Hitherto there has also been a lot of really important work, as outlined in the ‘Bloomsbury Masterplan’. I am sure that much of that is still valid and highly desirable, but I also think it is important that other elements of our Estates Strategy are updated and improved. Many have noticed the recent acquisitions of the LSE and others, and have reasonably asked if we are doing anything similar. Rest assured there is a very active programme of bidding for, and hopefully winning, existing properties to help ease our immediate needs. Ultimately though, we need to get ahead of the game, to become even more proactive, and to ground our thinking about our estate in the long-term strategy of UCL and to create a single integrated estates strategy and plan.
New students in the quad during the Welcome Fair
I have been giving our overall level of ambition, our vision and the key elements of our strategy some considerable thought, both before and since I arrived. One of my questions on my journey around UCL has been to ask assembled teams of staff, many of them in leadership positions, if they have read and are aware of the key elements of the ‘UCL Council White Paper 2011–2021’. The short answer is that only a relatively small number of hands go up each time. The document contains everything that you might expect in an institutional strategy and more, but clearly it is not well read and thus probably not adequately understood on the ground.
If we are to convince our Council and our key stakeholders to move forward with a significant and possibly massive programme of investment in the future of UCL, then I think we need a strategy that is owned and understood by us all. It must also be distinctive, exciting, and easy to communicate, as well as being grounded in the history and values of UCL. I would suggest that ownership and willingness to move ahead and, where necessary, to accept change, are just as, if not more, important than content. But we don’t just need an exciting and wonderful strategy – we must turn our thoughts into a workable plan throughout the organisation, building many key academic and service elements from the bottom up. We must also develop both an appetite and an ability to implement key improvements effectively.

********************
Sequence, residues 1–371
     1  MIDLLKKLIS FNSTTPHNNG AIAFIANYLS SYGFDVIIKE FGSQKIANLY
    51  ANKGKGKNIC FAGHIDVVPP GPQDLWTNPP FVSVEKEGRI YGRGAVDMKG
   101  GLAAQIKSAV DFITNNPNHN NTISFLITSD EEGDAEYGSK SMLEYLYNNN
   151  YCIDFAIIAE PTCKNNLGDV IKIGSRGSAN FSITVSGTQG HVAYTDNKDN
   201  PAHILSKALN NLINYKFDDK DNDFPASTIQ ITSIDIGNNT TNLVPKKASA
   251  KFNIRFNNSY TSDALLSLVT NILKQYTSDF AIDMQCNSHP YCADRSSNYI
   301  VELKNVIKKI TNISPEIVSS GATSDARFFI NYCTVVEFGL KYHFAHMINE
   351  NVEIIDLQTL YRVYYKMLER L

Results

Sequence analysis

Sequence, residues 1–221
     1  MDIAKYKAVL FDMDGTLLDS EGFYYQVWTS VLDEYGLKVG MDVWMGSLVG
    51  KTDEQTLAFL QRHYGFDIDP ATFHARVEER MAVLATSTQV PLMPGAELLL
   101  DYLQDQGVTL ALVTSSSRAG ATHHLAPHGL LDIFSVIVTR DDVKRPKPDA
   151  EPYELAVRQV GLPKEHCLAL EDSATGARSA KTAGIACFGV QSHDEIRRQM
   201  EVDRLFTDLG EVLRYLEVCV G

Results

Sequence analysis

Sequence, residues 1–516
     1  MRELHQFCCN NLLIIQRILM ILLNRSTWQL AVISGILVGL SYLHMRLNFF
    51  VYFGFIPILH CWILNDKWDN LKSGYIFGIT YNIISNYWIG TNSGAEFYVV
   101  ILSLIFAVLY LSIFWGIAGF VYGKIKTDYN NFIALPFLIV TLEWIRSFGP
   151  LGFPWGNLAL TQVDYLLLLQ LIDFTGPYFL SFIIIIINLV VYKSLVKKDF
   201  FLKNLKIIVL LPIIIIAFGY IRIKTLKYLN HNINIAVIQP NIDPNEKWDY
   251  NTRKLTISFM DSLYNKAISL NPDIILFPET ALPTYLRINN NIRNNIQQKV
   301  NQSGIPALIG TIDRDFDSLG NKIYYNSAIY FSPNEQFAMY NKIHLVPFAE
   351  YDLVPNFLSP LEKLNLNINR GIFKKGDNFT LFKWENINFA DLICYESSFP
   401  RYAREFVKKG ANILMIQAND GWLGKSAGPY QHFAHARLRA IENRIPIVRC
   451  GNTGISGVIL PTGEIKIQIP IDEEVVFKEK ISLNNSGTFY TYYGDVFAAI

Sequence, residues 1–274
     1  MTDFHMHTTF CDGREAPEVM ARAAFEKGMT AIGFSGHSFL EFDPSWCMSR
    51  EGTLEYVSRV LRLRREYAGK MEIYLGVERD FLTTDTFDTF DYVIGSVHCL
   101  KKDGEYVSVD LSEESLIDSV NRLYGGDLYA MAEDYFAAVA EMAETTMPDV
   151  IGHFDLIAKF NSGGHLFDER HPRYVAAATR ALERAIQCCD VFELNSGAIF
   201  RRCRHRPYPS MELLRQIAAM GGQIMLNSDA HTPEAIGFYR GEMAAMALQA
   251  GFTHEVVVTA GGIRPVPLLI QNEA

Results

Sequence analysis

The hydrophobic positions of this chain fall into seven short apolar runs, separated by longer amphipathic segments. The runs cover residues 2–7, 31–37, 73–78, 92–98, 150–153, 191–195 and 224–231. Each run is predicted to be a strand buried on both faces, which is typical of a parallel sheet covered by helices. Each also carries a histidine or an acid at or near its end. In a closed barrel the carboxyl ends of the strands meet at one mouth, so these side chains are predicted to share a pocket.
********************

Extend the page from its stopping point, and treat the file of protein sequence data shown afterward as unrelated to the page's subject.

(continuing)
The senior team of UCL, some of our key service directors, some members of our Council and I, have already been discussing how we build on the white paper, update it along the way, and create a strategy process that is widely owned and understood around UCL by all our staff and students alike. Our initial ideas about how we might approach this will feature in next week’s Provost’s View.
Professor Michael Arthur
UCL President & Provost
UCL President & Provost Professor Michael Arthur opens the 2013/14 Lunch Hour Lecture programme today (3 October), outlining his vision for the future of UCL. The public lecture takes place at 1pm at the UCL Bloomsbury Theatre, with doors opening at 12.15pm. Alternatively, you can watch the lecture live from your desk at http://www.ucl.ac.uk/lhl/streamed/live_view/
The lecture will later be made available for viewing at UCL's Lunch Hour Lecture channel http://www.youtube.com/UCLLHL